Life expectancy for people with HIV has improved significantly during the past 15 years, but on average it might still be as much as 21 years shorter than for people not infected with HIV, according to a study published online September 4 in the Journal of Acquired Immune Deficiency Syndromes.

Working with life expectancy calculations can be tricky. While they can be useful for making policy and resource allocation decisions involving large populations, they aren’t always helpful for the individual. They can, however, provide information to researchers about health interventions that may be needed to increase life expectancy across the board, or to determine whether some groups fare more poorly than others.

Thus far, only two studies have examined life expectancy in people with HIV since the introduction of potent combination HIV therapy in the late 1990s. Both of these studies found increased mortality in people with HIV compared with a similar group of people not infected with HIV. They were based, however, on European cohorts of patients.

To determine life expectancy for people with HIV in the United States, Kathleen McDavid Harrison, PhD, MPH, and her colleagues from the Centers for Disease Control and Prevention (CDC) in Atlanta, looked at data from 25 states reporting new HIV diagnoses—not just AIDS cases—as far back as 1996.

A total of 220,646 people were included in the analysis, 10,366 of whom died from any cause by the end of 2007. Seventy-four percent of the group was male, 55 percent was black, 36 percent was white, and 9 percent was Hispanic. The group of HIV-positive individuals was compared with age-, sex- and race-matched HIV-negative people participating in other studies.

Overall, Harrison’s team found that life expectancy after an HIV diagnosis had more than doubled between 1996 and 2007. People diagnosed in 1996 were estimated to live an average of 10.5 years after diagnosis, while people diagnosed in 2005 were estimated to live an average of 22.5 years after diagnosis. The largest one-year increase in life expectancy occurred between 1996 and 1997, when three-drug combination antiretroviral therapy was introduced. It is important to keep in mind that these statistics are averages and include substantial numbers of people who did not get tested until their CD4 counts were very low, people who have substance use problems, and people who did not routinely access care after diagnosis.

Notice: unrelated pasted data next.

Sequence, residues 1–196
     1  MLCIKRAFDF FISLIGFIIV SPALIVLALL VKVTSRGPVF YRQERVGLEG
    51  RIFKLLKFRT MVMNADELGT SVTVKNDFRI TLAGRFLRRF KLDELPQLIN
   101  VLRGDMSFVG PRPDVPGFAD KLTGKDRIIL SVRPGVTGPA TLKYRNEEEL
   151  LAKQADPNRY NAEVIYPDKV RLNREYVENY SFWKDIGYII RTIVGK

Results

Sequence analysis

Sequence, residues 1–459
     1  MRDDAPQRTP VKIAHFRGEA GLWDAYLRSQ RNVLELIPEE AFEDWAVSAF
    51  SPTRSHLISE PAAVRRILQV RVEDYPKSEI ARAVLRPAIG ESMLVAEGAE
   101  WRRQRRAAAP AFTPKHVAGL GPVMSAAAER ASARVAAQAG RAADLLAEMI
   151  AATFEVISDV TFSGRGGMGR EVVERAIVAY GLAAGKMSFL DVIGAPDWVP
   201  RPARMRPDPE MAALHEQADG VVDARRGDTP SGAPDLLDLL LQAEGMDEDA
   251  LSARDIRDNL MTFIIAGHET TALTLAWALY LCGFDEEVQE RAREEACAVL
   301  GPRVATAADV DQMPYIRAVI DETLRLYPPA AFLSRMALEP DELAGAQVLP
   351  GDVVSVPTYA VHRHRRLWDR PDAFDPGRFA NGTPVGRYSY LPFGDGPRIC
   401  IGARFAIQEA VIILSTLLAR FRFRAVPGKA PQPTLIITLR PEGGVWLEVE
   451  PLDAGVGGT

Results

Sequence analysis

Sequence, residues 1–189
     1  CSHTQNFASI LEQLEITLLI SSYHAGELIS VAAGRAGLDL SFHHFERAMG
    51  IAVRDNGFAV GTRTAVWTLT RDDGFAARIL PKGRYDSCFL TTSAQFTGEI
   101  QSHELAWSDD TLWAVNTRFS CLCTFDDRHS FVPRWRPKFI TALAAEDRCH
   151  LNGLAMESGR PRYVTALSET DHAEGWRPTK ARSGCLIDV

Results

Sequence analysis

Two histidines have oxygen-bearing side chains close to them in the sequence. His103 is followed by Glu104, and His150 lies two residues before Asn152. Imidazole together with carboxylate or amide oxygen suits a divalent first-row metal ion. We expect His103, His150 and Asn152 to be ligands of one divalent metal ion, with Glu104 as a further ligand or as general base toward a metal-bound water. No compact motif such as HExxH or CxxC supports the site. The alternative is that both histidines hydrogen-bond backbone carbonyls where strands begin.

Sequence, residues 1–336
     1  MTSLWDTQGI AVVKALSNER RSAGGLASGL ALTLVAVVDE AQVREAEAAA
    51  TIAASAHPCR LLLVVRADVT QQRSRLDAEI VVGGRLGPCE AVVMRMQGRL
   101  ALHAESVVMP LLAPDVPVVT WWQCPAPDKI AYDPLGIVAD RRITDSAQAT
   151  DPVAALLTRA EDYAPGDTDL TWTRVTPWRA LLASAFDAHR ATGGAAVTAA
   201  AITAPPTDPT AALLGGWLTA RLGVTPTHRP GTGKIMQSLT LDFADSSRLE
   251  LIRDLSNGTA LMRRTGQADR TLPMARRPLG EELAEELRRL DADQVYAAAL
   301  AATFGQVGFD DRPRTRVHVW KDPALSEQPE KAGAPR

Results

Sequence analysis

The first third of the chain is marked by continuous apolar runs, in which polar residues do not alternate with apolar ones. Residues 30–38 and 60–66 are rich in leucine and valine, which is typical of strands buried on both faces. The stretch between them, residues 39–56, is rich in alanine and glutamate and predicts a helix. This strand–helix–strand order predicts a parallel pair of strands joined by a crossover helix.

Broken down by sex, estimated life expectancy after an HIV diagnosis increased for women from 12.6 years to 23.6 years, and for men from 9.9 years to 22 years. Black and Hispanic men and black women had the least gains in life expectancy. There were, however, too few white and Hispanic women in the study to draw firm conclusions.

When compared with people not infected with HIV, the differences in life expectancy were substantial. On average, HIV-positive men were estimated to have a lifespan 19 years shorter than their HIV-negative counterparts. HIV-positive women were estimated to live 23 years less than HIV-negative women. The most years of life lost were estimated to occur in people diagnosed at a young age, and the least years of life lost were estimated to occur in people diagnosed in their 50s and 60s.

The authors concede that a number of factors that can dramatically shorten life expectancy are far more common in people with HIV than in their HIV-negative peers. These include hepatitis C virus (HCV), poverty and lack of access to care. Also, a significant proportion of people with HIV do not find out that they’re positive until after they have sustained a lot of damage to their immune systems. This can make comparisons with the general population both difficult and potentially less meaningful.

While the study might not provide the kind of information that’s useful for the individual living with HIV, it does add further evidence that public health efforts to get people tested and into care earlier, and to understand and overcome racial disparities in health outcomes, are vital.